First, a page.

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Upper House
An upper house, sometimes called a senate, is one of two chambers of a bicameral legislature (or one of three chambers of a tricameral legislature), the other chamber being the lower house.[1] The house formally designated as the upper house is usually smaller and often has more restricted power than the lower house
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Legislature
A legislature is a deliberative assembly with the authority to make laws for a political entity such as a country or city. Legislatures form important parts of most governments; in the separation of powers model, they are often contrasted with the executive and judicial branches of government. Laws enacted by legislatures are known as legislation. Legislatures observe and steer governing actions and usually have exclusive authority to amend the budget or budgets involved in the process. The members of a legislature are called legislators
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Executive Branch
The executive is the organ exercising authority in and holding responsibility for the governance of a state. The executive executes and enforces law. In political systems based on the principle of separation of powers, authority is distributed among several branches (executive, legislative, judicial) — an attempt to prevent the concentration of power in the hands of a small group of people. In such a system, the executive does not pass laws (the role of the legislature) or interpret them (the role of the judiciary). Instead, the executive enforces the law as written by the legislature and interpreted by the judiciary. The executive can be the source of certain types of law, such as a decree or executive order. Executive bureaucracies are commonly the source of regulations. In the Westminster political system, the principle of separation of powers is not as entrenched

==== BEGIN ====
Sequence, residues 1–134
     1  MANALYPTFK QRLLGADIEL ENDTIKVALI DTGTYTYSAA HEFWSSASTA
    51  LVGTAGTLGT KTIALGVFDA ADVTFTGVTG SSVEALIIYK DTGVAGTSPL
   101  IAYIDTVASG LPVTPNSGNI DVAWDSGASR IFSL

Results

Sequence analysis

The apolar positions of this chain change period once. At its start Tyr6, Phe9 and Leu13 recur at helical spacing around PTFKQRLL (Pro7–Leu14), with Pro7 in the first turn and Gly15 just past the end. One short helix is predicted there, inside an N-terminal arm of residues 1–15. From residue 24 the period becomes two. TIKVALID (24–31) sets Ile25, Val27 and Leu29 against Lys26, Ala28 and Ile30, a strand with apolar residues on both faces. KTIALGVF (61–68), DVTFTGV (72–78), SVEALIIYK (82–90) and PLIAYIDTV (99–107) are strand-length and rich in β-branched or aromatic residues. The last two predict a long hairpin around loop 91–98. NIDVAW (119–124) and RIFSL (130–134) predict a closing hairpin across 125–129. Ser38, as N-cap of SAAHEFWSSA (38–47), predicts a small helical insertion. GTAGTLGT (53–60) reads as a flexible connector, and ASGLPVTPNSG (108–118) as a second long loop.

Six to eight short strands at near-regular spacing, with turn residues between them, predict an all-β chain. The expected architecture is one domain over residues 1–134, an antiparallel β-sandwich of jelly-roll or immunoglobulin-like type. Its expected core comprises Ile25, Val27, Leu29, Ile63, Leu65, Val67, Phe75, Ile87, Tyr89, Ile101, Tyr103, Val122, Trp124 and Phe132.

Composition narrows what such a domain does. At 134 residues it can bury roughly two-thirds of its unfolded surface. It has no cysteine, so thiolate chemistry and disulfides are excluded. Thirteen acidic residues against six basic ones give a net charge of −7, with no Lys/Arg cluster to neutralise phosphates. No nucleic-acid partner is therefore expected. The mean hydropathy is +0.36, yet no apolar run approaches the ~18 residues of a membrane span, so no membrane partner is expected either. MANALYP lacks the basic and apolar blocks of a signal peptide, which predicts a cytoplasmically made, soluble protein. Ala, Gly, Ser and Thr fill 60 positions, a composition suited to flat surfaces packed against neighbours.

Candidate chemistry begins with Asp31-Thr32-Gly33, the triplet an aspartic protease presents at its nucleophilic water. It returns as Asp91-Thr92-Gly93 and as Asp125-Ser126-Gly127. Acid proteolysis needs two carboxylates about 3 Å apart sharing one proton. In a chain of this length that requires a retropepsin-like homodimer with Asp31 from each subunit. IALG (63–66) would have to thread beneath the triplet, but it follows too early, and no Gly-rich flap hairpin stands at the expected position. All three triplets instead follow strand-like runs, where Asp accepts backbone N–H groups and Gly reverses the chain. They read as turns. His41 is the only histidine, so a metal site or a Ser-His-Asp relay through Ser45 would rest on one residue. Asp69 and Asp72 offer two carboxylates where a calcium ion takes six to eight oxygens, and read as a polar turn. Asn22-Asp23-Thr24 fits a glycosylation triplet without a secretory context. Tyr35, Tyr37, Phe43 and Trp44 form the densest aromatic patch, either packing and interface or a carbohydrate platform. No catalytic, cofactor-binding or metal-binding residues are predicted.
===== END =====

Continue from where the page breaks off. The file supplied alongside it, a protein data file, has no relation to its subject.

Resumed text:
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Councillor
A Councillor is a member of a local government council.Contents1 United Kingdom1.1 Remuneration 1.2 Regional government2 United States 3 The Philippines 4 Finland 5 Turkey 6 Other countries 7 ReferencesUnited Kingdom[edit] All local authorities in the United Kingdom are overseen by elected councillors. These include:unitary authorities county councils and district councils parish, town and community councils The Common Council of the City of London
Common Council of the City of London
(in which councillors are known as aldermen and councilmen)According to Debrett's Correct Form the English title "Councillor" (often shortened to ‘Cllr’) applies only to elected members of city, borough or district councils.[1] However, there is no legal basis for this restriction and in practice the title is applied to all councillors at all levels of local government
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The Estates
The Estates or the States (French: États, German: Landstände, Dutch: Staten) was the assembly of the representatives of the estates of the realm, the divisions of society in feudal times, called together for purposes of deliberation, legislation or taxation
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Chambers Of Parliament
A legislative chamber or house is a deliberative assembly within a legislature which generally meets and votes separately from the legislature's other chambers.[1] Legislatures are usually unicameral, consisting of only one chamber, or bicameral, consisting of two, but there are rare examples of tricameral and tetracameral legislatures.Contents1 Bicameralism 2 Merging of chambers 3 Floor and committee 4 Security 5 References 6 See alsoBicameralism[edit] The lower house is almost always the originator of legislation, and the upper house is the body that offers the "second look" and decides whether to veto or approve the bills. In the United Kingdom legislation can be originated in either house, but the lower house can ultimately prevail if the two houses repeatedly disagree